Political mailer prompts accusations of anti-Semitism from some in Juneau

The front side of the mailer sent to Juneau voters last week by the Republican Women of Juneau. (Scan from mailer)

The front side of the mailer sent to Juneau voters last week by the Republican Women of Juneau. (Source: Republican Women of Juneau)

An attack ad targeting a candidate for state Senate in Juneau has some residents accusing a local political group of anti-Semitic language.

The ad targeting Democrat Jesse Kiehl, who is Jewish, arrived in mailboxes days after the shooting at a synagogue in Pittsburgh, Pennsylvania, and quickly set off a flurry of posts on social media.

When Claire Richardson got home from work last week and found the flier in her mailbox, she thought it was a national ad at first.

Then she noticed it was talking about Jesse Kiehl.

“I was just looking at it and I was like, ‘This is just bizarre,'” Richardson said. “Then when I saw the hand with the money, the red and black glossy print, there was just something in me that just recoiled and I was like, ‘Oh my gosh, is this a dog whistle for anti-Semitism?”

On the front, it shows a picture of a headless politician putting a stack of $100 bills into his jacket pocket.

It reads, “If you give Jesse Kiehl your vote … you may as well give him your wallet. Fortunately, you have an independent choice.”

The flier was paid for by an independent expenditure group and was not authorized or approved by a candidate or campaign.

Richardson is the chief of staff for the Lt. Governor but spoke as a private citizen. She said she reached out to a member of the group responsible for the flier, the Republican Women of Juneau, a local affiliate of the Alaska Republican Party.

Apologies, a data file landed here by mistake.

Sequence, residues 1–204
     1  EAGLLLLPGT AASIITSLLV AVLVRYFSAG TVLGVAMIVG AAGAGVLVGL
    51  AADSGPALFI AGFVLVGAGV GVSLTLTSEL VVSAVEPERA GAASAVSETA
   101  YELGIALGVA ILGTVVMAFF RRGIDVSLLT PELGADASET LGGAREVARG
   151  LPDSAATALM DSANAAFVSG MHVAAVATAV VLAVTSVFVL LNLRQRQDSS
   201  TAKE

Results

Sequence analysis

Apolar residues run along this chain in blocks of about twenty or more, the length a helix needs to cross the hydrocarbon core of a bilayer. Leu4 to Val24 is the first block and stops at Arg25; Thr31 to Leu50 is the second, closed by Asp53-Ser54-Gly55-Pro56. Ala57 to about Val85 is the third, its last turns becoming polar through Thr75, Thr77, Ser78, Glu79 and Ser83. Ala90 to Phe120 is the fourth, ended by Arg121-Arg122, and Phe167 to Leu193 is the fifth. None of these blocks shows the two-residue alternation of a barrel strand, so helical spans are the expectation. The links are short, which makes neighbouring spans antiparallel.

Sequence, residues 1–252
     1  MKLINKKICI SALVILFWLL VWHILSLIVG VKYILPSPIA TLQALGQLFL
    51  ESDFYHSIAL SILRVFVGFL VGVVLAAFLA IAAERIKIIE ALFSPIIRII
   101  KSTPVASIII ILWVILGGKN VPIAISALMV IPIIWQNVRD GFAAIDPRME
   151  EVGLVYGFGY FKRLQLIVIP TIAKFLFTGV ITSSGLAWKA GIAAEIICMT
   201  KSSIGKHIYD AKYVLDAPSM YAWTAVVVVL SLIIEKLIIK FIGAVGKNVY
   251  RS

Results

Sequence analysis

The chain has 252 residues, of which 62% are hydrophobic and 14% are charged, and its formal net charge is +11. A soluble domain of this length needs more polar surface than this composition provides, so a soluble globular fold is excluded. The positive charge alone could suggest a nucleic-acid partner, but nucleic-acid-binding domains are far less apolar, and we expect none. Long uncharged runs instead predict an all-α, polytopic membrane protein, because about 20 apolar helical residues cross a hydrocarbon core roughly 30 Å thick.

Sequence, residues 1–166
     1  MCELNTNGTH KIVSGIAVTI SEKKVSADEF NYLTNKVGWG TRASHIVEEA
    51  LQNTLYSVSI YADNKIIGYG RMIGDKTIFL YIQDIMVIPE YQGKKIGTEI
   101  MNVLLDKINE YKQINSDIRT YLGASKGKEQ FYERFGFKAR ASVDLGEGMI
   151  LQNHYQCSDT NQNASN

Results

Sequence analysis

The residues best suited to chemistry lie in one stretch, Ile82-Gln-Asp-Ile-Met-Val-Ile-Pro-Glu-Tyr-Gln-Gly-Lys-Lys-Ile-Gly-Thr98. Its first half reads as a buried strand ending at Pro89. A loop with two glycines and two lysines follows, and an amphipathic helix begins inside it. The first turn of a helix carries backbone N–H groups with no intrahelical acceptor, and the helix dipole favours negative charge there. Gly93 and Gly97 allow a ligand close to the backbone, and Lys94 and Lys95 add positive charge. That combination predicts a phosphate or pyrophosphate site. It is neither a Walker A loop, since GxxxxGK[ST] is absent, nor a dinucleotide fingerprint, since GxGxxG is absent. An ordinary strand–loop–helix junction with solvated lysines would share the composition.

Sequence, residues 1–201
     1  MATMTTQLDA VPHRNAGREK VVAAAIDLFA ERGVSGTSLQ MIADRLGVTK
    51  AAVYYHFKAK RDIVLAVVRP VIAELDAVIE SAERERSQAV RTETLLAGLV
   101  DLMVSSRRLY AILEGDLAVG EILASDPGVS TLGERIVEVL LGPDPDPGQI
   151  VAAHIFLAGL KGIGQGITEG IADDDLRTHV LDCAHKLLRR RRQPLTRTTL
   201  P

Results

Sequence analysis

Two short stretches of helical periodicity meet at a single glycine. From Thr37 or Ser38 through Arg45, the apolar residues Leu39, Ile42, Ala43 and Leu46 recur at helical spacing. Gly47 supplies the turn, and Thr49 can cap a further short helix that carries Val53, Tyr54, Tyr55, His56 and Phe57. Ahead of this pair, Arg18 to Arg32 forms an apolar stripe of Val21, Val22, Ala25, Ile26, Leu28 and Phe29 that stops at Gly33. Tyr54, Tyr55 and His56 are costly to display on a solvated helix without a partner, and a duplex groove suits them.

She said their response was that the ad was simply about taxes and meant to remind voters they have a choice.

“I thought that was pretty disingenuous, that it was really about Jesse Kiehl … and it seemed terrible timing to have this very odd photo and targeting a local candidate for a local office,” she said.

According to filings from the Alaska Public Offices Commission, the group paid a local design firm to create the ad in October and another company for direct mailing, two days before the shooting at the Tree of Life Congregation in Pittsburgh.

The backside of the mailer sent to Juneau voters last week by the Republican Women of Juneau. (Source: Republican Women of Juneau)

Other filings show the group also made donations to Jake Sloan and Josh Revak, two Republican candidates running in Anchorage districts.

The group’s president, Ginger Johnson, declined to comment by phone Monday.

She emailed a statement saying the ad was clearly about taxes and the fact that Democrats, such as candidate for governor Mark Begich, have run on platforms that include a state income tax.

The statement reads, “We realize that as the election nears, some campaigns may be overtired and overthinking things, but our commitment to our cause remains steadfast.”

Kiehl’s opponent, independent Don Etheridge, declined to comment when reached by phone Monday.

A statement posted on his campaign’s Facebook page Saturday says he had no knowledge of the ad prior to its distribution.

It also says Etheridge and Kiehl have worked together at the Alaska State Capitol for years and that he will continue to work with Kiehl, win or lose, and oppose discrimination of any kind.

As for Kiehl, he declined to comment as well Monday, saying he plans to focus on his campaign.

On social media, some people likened the situation to a mailer sent out by a Republican state Senate candidate in Connecticut last week depicting his Jewish opponent clutching money with a crazed look on his face. The candidate’s campaign later issued an apology to the opponent and the Jewish community.

Richardson said she reached out to the Republican Women of Juneau suggesting they apologize and that they try to use the opportunity to open a respectful dialogue in the community.

“That’s what I’m hopeful for, that we can actually have a conversation about this rather than a viral Facebook, Twitter firestorm over the actual ad,” she said. “Because I think it goes deeper than that and I think our town is better than that.”

Jacob Resneck of CoastAlaska contributed to this report.

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